In yet another embodiment (not shown), the retroreflective sheeting described above in FIG. 6e is provided with a pressure sensitive adhesive construction. In this embodiment, a pressure sensitive adhesive is coated onto a release coated liner (paper or polymer), and thereafter, the adhesive coated liner is pressure laminated to the exposed surface of the reflective layer 64. As illustrated in FIGS. 2 and 5, the pressure sensitive adhesive conforms to the shape of the reflective surface and becomes intimately bonded to the reflective surface. The release coated liner can be subsequently removed leaving the pressure sensitive adhesive adhered to the reflective layer, and the reflective sheeting can be applied adhesively to other surfaces.

FIGS. 7a-7 e illustrate an alternative method of preparing the retroreflective sheets of the present invention. This embodiment is generally similar to the embodiment illustrated in FIGS. 6a-6 f except that the image which is printed on the molding layer surface of the first assembly is not embedded into the molding layer. FIG. 7a illustrates a molding assembly 70 which comprises a molding layer 76 and a substrate 77 upon which has been printed an image 75 using a transparent polymer or a transparently colored polymer. As discussed above, the refractive index of the transparent polymer or transparently colored polymer utilized to print the image should be different from the refractive index of the material selected for the spacing layer of the refractive sheeting. The first assembly utilized in this embodiment is the same as the first assembly described above with regard to the embodiment illustrated in FIGS. 6a-6 e.

In FIG. 7b, a spacing layer 73 of the desired thickness is extruded or cast onto the imaged molding layer 76 containing segments 75. Subsequently spacing layer 73 is heated to provided a tacky surface upon which microspheres 72 are cascade-coated to form a mono layer of microspheres. The microspheres 72 then are embedded into spacing layer 73 as shown in FIG. 7c, typically by application of heat and/or pressure. The spacing layer 73 is molded by the molding layer 76 to a contour which is substantially parallel to the microsphere surfaces, and the image (segments 75) remains substantially intact within the spacing layer 73. Topcoat 71 then is applied by standard coating methods as described above and as shown in FIG. 7d.

The molding layer 76 and the substrate 77 are then stripped from the imaged spacing layer leaving the back surface of the imaged spacing layer exposed. A reflective layer 74 is then applied to the exposed back surface of the imaged spacing layer as shown in FIG. 7e.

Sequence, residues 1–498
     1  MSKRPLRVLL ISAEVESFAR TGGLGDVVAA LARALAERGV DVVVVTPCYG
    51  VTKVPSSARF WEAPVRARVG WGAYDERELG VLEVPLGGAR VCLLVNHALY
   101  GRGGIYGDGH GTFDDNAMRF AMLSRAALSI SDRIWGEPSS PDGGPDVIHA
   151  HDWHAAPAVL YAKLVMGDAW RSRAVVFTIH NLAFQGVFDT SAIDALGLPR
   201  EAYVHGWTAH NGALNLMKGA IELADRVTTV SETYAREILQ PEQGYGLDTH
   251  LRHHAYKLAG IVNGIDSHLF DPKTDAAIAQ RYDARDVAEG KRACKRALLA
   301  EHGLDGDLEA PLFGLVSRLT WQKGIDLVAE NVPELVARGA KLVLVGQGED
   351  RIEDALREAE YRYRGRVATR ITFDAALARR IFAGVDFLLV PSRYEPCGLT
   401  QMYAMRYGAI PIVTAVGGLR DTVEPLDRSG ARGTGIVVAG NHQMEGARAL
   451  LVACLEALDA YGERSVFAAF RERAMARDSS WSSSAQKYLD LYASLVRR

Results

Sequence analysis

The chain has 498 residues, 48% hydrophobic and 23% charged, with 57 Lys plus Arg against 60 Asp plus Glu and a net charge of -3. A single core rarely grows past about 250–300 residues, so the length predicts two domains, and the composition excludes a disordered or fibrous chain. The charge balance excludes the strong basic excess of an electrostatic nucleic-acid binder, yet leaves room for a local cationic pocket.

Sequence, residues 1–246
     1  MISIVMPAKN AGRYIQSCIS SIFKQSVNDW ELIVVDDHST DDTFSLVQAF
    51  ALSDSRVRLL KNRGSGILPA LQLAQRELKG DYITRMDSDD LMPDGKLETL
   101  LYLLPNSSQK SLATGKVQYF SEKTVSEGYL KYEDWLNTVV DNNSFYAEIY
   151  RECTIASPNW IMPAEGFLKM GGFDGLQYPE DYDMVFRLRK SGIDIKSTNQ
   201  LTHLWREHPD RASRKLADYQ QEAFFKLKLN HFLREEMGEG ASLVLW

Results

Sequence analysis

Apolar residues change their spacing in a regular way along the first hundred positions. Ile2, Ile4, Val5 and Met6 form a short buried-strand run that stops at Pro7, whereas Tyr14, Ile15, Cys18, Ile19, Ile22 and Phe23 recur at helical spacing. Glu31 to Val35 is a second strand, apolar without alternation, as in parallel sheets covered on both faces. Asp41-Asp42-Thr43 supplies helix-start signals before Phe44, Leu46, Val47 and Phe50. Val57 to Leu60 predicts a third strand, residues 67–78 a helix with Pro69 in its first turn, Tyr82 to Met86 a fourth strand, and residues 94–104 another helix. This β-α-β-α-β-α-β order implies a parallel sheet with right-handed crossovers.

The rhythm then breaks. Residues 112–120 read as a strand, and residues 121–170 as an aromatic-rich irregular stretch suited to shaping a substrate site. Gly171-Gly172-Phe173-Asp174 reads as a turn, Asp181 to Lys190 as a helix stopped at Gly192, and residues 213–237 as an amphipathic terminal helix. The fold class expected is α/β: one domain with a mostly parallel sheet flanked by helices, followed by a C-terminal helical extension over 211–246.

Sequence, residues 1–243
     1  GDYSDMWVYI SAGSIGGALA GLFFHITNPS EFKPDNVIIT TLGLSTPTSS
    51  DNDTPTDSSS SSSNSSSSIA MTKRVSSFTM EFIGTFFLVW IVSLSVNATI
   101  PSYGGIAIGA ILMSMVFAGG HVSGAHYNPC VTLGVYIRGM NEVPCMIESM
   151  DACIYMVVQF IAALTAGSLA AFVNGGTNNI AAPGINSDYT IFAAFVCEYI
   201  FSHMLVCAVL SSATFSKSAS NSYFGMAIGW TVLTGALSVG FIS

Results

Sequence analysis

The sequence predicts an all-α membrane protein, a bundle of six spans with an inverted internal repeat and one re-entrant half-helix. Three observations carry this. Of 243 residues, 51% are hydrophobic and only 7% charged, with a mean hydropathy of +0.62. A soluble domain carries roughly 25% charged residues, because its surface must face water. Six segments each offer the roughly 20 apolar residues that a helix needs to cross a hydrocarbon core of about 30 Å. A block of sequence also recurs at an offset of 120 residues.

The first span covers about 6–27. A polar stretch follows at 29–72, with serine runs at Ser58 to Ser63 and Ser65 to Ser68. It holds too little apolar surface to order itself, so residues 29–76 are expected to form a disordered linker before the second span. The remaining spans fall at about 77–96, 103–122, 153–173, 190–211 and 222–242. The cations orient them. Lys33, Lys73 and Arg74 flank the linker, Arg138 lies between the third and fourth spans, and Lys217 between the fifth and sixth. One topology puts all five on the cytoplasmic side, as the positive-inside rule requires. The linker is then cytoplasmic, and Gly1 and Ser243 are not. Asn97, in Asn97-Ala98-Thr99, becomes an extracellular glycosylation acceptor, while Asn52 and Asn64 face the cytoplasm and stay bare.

Optionally, and not shown in FIG. 7a-e, the retroreflective sheeting shown in FIG. 7e is provided with a pressure sensitive adhesive construction. In this embodiment, a pressure sensitive adhesive is coated onto a release coated liner (paper or polymer), and thereafter, the adhesively coated liner is pressure laminated to the exposed surface of the reflective layer. As illustrated in FIGS. 2 and 5, the pressure sensitive adhesive layer conforms to the shape of the reflective surface and becomes intimately bonded to the reflective surface. The release coated liner can be subsequently removed leaving the pressure sensitive adhesive adhered to the reflective layer, and the reflective sheeting can be applied adhesively to other surfaces.

While the invention has been explained in relation to its preferred embodiments, it is to be understood that various modifications thereof will become apparent to those skilled in the art upon reading the specification. Therefore, it is to be understood that the invention disclosed herein is intended to cover such modifications as fall within the scope of the appended claims.

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Classifications
U.S. Classification428/195.1, 428/403, 428/500, 428/204, 428/402, 428/483, 428/480, 428/323, 428/201, 359/537, 156/60, 428/202, 428/522, 359/2
International ClassificationG02B5/128, B42D15/00
Cooperative ClassificationG02B5/128, B42D15/0013
European ClassificationG02B5/128, B42D15/00C
Legal Events
DateCodeEventDescription
Jun 30, 2010FPAYFee payment
Year of fee payment: 8
Jun 30, 2006FPAYFee payment
Year of fee payment: 4
Sep 28, 2000ASAssignment
Owner name: AVERY DENNISON CORPORATION, CALIFORNIA
Free format text: ASSIGNMENT OF ASSIGNORS INTEREST;ASSIGNOR:HANNINGTON, MICHAEL;REEL/FRAME:011163/0161
Effective date: 20000926
Owner name: AVERY DENNISON CORPORATION 150 NORTH ORANGE GROVE